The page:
The series combination of FFs 70 and 72 provide a delay to output signals LOADN/8, PULSE, and TOGGLE of two cycles of the particular clock 16. From a timing viewpoint, recall that the timing of this two cycle delay is vital for PULSE and for TOGGLE, since the two cycle delay compensates for the divisor actually counted by counter 22, NDATA/4-2. For LOADN8, this two cycle delay is acceptable, as will be discussed further herein.

In addition to FFs 70 and 72 and related combinational logic, control 24 includes JK FFs 90 and 92. Like FFs 70 and 72, FFs 90 and 92 are clocked by CLK IN and CLK OUT. FF 90 is used to reset counter 22. FF 92 is used to properly delay the LOAD ENB signal, which becomes LOADN4.

In contrast to the timing of the PULSE and TOGGLE signals, to properly time the LOADN4 signal, control 24 must delay the LOAD ENB signal an amount other than 2 cycles. To understand this, one must understand what the LOADN4 does, and its relationship to the other counter 24 output signals (PULSE and LOADN8).

As previously mentioned, LOADN4 causes counter 22 to load NDATA/4 (actually NDATA/4-2), the divisor that counter 22 will count to determine the leading edge of system clock 22. Obviously this divisor must be loaded into counter 22 before it can be counted. The loading process itself takes one cycle of the particular clock 16 that clocks both counter 22 and its associated control 24. For this reason control 24 must provide delay the LOAD ENB signal only one cycle of the particular clock 16.

Preferably LOADN4 is loaded into each counter 22 each time the counter 22 counts, rather than just on initialization of the counter 22. In this manner, the counting by counters 22 is by algorithm, rather than by dead reckoning, which is less subject to errors induced by alpha particles. Moreover, loading LOADN4 into each counter 22 each time the counter 22 counts enables "on the fly" programming: After a particular counter 22 finishes counting a particular divisor, the next counter 22 in series begins counting the new divisor.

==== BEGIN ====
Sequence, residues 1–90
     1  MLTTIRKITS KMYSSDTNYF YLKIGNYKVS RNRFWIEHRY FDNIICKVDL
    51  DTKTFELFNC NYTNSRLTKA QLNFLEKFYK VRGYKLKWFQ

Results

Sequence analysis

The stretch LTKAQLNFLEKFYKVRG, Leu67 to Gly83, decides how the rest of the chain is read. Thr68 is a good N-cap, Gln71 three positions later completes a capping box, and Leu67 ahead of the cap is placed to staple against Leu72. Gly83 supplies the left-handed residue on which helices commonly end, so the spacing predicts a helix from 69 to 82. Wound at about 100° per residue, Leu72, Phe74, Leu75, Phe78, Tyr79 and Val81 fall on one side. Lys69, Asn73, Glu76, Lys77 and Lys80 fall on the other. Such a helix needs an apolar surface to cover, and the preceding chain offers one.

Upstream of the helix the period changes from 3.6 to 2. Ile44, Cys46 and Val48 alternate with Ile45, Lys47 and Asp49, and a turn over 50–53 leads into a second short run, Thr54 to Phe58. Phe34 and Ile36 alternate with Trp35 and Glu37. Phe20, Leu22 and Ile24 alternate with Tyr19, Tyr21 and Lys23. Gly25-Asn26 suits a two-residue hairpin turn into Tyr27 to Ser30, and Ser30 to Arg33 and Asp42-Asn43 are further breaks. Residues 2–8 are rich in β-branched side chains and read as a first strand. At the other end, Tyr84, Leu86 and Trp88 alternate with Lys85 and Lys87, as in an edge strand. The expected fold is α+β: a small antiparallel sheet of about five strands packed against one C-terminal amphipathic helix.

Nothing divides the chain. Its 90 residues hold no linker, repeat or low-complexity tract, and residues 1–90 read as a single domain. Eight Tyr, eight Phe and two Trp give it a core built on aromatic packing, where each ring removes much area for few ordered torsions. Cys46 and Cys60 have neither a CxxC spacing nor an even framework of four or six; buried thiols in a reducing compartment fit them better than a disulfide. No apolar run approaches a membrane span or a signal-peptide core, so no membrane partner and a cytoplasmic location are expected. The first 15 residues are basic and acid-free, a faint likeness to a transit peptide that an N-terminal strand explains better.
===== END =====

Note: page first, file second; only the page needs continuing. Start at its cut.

The input to FF 92 is LOAD ENB. The output of FF 92 is essentially LOAD ENB delayed by one cycle of particular clock 16. This output is the input to a logic gate group 96 that has as other inputs EVEN1 and the undelayed LOAD ENB. Gate group 96 is designed such that EVEN1 functions as a control signal to switch either LOAD ENB or the one cycled delayed LOAD ENB (the output of FF 92), through two respective inverters 98 and 100, to become LOADN4.

The output of group 96 is also routed through inverter 98 to the remaining input of NAND gate 82. As previously mentioned, the other input to NAND gate 82 is the output of NAND gate 76. The output of NAND gate 82 is inverted by inverter 83 to become TOGGLE. The net effect is that TOGGLE is low whenever LOADN8 or LOADN4 are high.

Referring now to FIG. 5, there is shown a schematic of how each counter 22 is implemented. Rather than counting down to zero, each counter 22 counts up from the two's complement of the number to be counted, and generates a carry when the count is completed. This approach allows each counter 22 to be implemented as a number of two-bit fast carry counters 40, an implementation that counts two to three times faster than a more traditional ripple counter. Each counter 40 is edge triggered for rapid operation.

Referring now to FIGS. 3(1-3) the divisors NDATA/4-2 and NDATA/8-2 are derived under control of control logic 30. First, the division for both is performed using MUX 27, a two input, one output multiplexer. One input to MUX 27 is simply all but the two LSB of NDATA (i.e., for divide by 4), and the other input is simply all but the three LSB of NDAT (i.e., divide by 8). The output of MUX 27 is the input to subtractor 29, which subtracts two. The output of subtractor 29 is latched to latches 31 and 33, which latch respective NDATA/4-2 and NDATA/8-2.